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by George A. Duncan

232 pages
This book describes numerous innovative methods, structures, machines and methods that have been devoted to Kentucky agriculture, particularly burley tobacco, over a half century of the golden leaf era.

Paperback $47.00   + $6.95 shipping & handling (USA)
(add $2.00 S&H per additional copy)
Category: Science
(requires Adobe Reader)
About the Book
Burley tobacco thrived in Kentucky and elsewhere for over a century as a profitable farm cash crop with intensive manual labor requirements. Many efforts were made to reduce labor required for production methods. This book describes over 140 innovative methods, structures and machines that have been created during this period. Brief performance data and adoption comments are made about each innovation.

Additionally, over 85 patents are listed on machines and processes.

The more successful labor reducing developments were the float tray transplant production and the small bale packaging and marketing method. The Kentucky Farm Bureau Federation leaders were instrumental in pursuing changes in the state and federal regulations necessary for the bale method to be accepted.

New varieties, fertility management, pest and disease abatement also have contributed greatly to yield and quality gains. All these innovative concepts and methods could be the greatest number of advances for any agricultural crop, animal or product related to Kentucky in a half century.

The book summarizes the multitude of technological innovations to be remembered and discussed for years to come. Buy a book and enjoy reading about the journey of the golden leaf.


How wonderful it is to have an old friend write a book about a product that I spent years cutting, housing, stripping, buying and selling – burley tobacco. George Duncan has taken us thru the early years of pegging and hand-tying to the controversies of loose-leaf baling. Enjoy the journey and pass the historical conquests on to your children and grandchildren.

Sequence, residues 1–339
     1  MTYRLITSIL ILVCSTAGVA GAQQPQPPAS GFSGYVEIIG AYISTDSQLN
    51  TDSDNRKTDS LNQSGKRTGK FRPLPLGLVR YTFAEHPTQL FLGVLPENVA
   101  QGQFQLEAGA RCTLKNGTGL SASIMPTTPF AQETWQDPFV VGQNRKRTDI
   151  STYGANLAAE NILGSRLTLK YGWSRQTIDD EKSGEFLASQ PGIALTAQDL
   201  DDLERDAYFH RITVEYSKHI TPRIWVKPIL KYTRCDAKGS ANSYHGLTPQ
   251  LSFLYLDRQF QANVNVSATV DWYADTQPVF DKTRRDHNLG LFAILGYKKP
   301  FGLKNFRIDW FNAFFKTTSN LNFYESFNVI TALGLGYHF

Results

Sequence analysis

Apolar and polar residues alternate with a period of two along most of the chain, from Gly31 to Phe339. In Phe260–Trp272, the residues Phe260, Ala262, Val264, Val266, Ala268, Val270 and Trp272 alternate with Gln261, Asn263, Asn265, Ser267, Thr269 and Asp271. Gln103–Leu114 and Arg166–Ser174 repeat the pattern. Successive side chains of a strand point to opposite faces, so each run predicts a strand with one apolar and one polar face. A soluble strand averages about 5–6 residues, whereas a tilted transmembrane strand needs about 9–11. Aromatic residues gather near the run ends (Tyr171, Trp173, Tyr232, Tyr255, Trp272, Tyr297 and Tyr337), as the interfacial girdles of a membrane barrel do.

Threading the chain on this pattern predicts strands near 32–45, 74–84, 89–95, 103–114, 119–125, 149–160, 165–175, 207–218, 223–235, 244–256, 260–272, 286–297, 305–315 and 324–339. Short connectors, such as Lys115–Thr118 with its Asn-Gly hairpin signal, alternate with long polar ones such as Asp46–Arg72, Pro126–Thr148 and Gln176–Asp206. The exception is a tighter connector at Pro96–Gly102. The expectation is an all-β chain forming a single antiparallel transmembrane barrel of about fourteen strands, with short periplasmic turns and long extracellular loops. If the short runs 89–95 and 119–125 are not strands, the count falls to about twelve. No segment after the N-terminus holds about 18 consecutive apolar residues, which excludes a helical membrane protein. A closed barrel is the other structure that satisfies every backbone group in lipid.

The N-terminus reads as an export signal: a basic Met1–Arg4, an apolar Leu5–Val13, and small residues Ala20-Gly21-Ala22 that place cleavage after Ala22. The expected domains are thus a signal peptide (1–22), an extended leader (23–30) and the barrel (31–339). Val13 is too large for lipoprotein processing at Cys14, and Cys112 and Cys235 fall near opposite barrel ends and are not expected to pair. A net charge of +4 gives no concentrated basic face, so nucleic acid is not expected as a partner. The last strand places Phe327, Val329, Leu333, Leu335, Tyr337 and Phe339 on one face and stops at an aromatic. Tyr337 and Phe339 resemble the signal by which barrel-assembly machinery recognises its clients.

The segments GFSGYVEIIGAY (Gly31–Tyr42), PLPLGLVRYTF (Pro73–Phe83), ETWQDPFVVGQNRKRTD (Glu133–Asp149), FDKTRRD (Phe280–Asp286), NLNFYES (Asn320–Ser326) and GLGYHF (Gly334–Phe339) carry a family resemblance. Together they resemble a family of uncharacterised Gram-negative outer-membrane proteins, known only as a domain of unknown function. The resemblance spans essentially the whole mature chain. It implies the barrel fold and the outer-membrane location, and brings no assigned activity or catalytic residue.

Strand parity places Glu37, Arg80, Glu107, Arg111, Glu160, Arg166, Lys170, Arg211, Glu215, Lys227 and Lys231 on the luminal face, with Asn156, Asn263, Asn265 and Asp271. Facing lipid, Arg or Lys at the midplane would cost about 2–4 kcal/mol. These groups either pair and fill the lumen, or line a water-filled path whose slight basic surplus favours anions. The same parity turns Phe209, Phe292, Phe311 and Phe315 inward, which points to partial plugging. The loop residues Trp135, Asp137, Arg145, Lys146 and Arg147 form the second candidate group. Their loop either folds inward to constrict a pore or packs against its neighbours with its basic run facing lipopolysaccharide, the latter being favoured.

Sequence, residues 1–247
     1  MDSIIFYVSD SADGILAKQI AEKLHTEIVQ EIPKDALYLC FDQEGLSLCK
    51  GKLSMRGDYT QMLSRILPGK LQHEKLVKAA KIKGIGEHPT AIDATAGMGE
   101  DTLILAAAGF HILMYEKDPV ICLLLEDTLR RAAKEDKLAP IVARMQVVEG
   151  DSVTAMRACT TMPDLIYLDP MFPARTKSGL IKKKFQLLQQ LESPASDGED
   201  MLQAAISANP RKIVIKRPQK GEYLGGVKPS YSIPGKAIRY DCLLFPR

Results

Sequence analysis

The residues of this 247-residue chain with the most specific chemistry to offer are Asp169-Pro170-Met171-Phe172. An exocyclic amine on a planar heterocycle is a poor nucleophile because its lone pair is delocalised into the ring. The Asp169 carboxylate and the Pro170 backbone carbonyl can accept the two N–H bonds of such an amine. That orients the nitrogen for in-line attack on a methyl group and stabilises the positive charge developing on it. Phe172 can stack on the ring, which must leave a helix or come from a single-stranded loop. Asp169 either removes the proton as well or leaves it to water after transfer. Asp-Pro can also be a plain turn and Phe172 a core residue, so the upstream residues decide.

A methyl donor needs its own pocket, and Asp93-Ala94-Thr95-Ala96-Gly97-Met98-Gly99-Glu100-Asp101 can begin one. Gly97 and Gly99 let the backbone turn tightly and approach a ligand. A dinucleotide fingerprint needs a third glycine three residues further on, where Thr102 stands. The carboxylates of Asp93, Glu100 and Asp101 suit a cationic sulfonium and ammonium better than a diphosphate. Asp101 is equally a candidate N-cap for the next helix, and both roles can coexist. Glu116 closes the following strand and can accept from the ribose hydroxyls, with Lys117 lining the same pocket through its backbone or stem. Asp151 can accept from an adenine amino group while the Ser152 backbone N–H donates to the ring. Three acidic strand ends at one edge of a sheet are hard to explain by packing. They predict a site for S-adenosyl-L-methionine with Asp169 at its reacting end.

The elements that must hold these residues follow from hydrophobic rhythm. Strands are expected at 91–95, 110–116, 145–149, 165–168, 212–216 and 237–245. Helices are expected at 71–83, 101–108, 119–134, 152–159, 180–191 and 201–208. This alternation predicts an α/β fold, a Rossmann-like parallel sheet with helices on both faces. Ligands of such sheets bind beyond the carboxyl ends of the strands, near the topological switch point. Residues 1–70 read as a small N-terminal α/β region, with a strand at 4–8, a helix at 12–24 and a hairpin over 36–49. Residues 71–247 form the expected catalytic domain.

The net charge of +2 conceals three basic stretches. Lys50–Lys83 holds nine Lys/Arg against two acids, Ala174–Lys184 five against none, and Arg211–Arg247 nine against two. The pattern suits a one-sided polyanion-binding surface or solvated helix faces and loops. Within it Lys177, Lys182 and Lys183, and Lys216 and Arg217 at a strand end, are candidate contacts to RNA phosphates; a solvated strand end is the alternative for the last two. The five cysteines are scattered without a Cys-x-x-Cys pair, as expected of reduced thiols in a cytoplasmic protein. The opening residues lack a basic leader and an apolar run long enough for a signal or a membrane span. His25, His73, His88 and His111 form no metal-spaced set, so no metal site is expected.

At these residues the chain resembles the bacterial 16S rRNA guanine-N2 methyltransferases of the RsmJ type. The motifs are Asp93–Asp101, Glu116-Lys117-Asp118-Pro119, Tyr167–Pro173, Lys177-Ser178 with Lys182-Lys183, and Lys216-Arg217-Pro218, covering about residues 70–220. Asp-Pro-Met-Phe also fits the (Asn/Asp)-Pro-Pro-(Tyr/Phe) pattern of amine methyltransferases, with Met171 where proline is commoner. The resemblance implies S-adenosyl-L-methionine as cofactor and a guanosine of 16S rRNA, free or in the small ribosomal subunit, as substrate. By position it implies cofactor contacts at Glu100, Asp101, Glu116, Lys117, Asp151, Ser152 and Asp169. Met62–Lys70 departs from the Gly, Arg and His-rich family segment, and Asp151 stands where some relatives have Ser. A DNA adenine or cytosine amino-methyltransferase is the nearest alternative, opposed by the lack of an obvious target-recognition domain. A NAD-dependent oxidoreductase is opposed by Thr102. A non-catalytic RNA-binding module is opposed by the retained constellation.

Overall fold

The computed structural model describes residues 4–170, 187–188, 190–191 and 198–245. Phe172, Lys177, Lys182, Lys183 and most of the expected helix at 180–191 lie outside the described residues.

- Ben Crain
George Duncan has been involved in some way in nearly every technological innovation in burley tobacco production in the past half century. This book provides detailed description, along with excellent photographs, of the important innovations in harvesting and preparation for market of the crop—a crop that has been central to Kentucky agriculture and therefore to culture and economic well-being.
- Dr. Ann Ferrell
Burley innovations, George Duncan and others have helped greatly in my tobacco operation. My brother John and I, and one other person, cut and housed twelve acres of burley for $83 per acre out-of-pocket costs with the cable-hoist system. We made “A”-frames to support the cable-hoist beams in the field allowing us to load the beams quickly and avoid rain damage. Baling cured tobacco cut stripping costs 40- to 50-percent. Float plants were a great help in getting the crop set in the field.
- Evan McCord



About the Author
George Duncan was reared on the family farm near Auburn, KY, and graduated from the University of Kentucky with Agricultural Engineering degrees. He devoted his career to serving Kentucky farmers, youth and families with the Kentucky Cooperative Extension Service providing technology on farm building designs, burley mechanization and 4-H youth development.



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